While it isn’t right for every family, letting the heirs know what to expect can be a good thing. In a 2014 survey by UBS of its investors, 72% of heirs said they would do something differently than their parents with respect to their own estate plans, including 34% who said they would proactively discuss their plans with their heirs.

It also can be good for advisors to start fostering relationships with the next generation, which may decrease the likelihood of losing management of the assets once they are transferred.

AdvMag: If people have two sets of children in different age brackets, how can advisors ensure both sets feel equal when considering wealth transfer and estate planning. How should advisors address beneficiaries of dramatically different ages?
KK: With blended families, there are typically two primary goals: providing support for a current spouse and younger children while treating older children from a prior marriage fairly. Again, I want stress the importance of involving an estate planning attorney to set up trusts or address any complicated issues.

Life insurance can also play a role in funding buy-sell agreements that would buy out family members who are not going to be involved in the business

If the goal is equalization among beneficiaries, there are a number of approaches depending on whether the wealth is all cash or a combination of cash, property and/or a business.

Life insurance can be very useful because it can provide a cash equivalent to property or a business. For example, older children may already be involved with the family business or could immediately benefit from inheriting property, while younger children more often need cash to complete their education or simply as direct support until they become self-sufficient adults.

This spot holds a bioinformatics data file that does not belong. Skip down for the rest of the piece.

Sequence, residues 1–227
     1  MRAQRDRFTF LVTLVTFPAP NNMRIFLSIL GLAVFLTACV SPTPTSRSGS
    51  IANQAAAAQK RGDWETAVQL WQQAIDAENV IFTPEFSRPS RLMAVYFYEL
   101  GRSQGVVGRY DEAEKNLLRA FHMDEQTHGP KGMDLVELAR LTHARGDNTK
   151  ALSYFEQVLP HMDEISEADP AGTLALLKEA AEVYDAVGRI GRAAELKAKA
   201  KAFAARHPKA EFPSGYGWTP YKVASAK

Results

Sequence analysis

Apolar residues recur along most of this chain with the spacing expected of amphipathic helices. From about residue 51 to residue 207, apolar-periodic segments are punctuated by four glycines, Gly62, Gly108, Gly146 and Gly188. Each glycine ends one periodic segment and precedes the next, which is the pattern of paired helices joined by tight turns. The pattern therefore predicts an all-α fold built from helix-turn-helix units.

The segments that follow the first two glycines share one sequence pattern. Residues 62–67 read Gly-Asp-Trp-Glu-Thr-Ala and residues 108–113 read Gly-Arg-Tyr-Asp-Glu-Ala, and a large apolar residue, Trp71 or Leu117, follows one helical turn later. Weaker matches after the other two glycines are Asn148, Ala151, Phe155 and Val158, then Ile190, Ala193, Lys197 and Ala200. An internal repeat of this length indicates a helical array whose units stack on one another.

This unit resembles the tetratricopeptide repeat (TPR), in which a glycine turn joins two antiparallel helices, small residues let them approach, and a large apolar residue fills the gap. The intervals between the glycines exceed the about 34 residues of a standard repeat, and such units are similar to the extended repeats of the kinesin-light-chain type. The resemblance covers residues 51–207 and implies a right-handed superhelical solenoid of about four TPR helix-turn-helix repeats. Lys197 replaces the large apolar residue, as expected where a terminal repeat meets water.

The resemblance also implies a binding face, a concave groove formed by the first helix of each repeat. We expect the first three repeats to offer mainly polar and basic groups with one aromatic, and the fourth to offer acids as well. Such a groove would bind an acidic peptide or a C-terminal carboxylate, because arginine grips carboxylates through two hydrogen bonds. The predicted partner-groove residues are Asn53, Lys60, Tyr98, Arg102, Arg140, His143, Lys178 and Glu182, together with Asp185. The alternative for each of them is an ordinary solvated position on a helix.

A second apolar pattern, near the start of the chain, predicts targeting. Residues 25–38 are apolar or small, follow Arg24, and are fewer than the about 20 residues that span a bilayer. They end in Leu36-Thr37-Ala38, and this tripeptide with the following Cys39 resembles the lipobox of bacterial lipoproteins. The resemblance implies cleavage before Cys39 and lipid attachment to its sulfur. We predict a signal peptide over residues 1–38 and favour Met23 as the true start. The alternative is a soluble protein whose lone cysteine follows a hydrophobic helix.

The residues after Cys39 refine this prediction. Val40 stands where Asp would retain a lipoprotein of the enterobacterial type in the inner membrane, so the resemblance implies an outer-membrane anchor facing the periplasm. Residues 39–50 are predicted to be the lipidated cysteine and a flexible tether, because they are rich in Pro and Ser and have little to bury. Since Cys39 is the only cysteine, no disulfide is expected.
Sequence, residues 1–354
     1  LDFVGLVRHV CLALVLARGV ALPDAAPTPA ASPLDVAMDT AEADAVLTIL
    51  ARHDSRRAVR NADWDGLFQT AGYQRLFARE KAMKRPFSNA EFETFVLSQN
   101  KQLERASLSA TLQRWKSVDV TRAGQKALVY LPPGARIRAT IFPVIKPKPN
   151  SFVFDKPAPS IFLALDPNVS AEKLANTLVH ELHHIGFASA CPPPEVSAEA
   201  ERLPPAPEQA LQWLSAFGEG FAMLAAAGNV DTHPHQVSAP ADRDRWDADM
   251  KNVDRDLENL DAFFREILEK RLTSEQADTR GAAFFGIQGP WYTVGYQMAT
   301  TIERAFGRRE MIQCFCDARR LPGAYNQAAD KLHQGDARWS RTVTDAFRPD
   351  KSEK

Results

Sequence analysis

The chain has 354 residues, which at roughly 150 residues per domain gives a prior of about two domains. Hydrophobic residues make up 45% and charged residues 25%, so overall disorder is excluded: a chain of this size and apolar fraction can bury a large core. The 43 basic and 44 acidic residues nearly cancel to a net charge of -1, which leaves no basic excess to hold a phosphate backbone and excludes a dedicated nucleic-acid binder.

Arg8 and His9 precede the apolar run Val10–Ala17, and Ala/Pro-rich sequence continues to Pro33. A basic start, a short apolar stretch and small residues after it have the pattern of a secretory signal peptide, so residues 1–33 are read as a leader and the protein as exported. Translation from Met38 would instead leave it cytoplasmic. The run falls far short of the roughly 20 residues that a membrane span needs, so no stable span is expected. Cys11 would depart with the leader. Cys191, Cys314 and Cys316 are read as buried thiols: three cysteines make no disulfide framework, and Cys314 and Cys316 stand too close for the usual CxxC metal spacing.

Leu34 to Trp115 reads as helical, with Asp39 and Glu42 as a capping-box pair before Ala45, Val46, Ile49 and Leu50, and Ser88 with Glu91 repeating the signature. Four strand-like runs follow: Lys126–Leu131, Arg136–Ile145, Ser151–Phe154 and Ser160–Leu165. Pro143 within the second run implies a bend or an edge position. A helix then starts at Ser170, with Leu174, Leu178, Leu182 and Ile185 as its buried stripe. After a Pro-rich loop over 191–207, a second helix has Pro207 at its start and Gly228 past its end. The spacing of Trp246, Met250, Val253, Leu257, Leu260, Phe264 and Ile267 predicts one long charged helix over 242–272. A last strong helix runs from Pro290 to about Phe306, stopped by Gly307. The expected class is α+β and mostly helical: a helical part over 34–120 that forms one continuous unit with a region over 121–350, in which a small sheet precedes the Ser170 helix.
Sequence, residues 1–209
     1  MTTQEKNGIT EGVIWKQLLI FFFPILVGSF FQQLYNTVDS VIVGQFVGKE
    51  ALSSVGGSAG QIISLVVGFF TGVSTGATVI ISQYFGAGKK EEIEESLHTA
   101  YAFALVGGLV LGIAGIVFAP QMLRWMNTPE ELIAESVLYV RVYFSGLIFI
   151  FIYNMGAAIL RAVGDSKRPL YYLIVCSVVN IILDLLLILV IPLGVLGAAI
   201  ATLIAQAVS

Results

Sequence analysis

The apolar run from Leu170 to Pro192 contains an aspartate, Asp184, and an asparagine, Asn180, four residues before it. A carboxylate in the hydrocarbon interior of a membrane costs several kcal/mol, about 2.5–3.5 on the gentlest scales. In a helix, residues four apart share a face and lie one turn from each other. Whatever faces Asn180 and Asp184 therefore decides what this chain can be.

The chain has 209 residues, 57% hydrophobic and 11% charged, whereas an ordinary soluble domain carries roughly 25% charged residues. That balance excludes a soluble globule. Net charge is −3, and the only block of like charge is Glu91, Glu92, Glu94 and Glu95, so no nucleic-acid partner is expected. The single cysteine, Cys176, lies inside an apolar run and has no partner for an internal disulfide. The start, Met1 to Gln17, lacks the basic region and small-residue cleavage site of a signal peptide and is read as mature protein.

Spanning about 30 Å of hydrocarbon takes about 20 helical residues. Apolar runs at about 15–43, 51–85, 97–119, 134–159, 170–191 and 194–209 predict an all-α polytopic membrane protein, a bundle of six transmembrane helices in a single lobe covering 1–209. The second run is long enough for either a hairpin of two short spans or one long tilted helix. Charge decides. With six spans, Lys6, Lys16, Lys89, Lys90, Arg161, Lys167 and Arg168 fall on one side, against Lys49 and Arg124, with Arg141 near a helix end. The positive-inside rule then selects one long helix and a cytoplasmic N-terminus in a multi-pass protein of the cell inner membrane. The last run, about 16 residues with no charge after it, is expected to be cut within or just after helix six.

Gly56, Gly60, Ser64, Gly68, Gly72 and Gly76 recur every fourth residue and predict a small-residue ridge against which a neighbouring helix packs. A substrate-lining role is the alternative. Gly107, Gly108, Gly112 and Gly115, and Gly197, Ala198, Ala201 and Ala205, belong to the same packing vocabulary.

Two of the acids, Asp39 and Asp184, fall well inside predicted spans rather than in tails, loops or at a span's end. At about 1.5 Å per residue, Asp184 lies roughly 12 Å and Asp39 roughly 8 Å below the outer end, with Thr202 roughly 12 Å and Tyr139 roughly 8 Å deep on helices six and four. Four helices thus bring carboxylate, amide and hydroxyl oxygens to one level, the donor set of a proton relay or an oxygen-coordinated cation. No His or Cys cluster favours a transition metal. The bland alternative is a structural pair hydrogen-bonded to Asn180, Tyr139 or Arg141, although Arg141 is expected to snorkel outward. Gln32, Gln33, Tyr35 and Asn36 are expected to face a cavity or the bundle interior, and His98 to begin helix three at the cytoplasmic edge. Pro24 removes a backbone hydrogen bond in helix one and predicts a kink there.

While you always need to look at each client’s situation on a case-by-case basis, single life policies can be a better way to handle transfer of assets when the family relationships are complex.

AdvMag: If clients have one or more children actively involved in a family business, how can they plan for the smooth continuation of the business, and at the same time treat all of the children fairly?
KK: If the goal is to equalize, then life insurance can be used in this situation to provide comparable value to the children who are not inheriting a piece of the family business. This is true for blended families as well as simpler ones.

Life insurance can also play a role in funding buy-sell agreements that would buy out family members who are not going to be involved in the business. Take, for example, a business owned and operated by a father and the elder of his two sons. Upon the father’s death, a buy-sell agreement would direct the sale of interests inherited by the second son to the first son.

A life insurance policy on the father would pay out and serve as the funding vehicle for this transaction. You absolutely need an attorney to set up these agreements and then look at the appropriate strategies to finance them.

If your client is actively involved in the family business, you should also consider key person insurance that protects the business with additional funds for a replacement search or to fill the gap of lost revenue that may occur initially.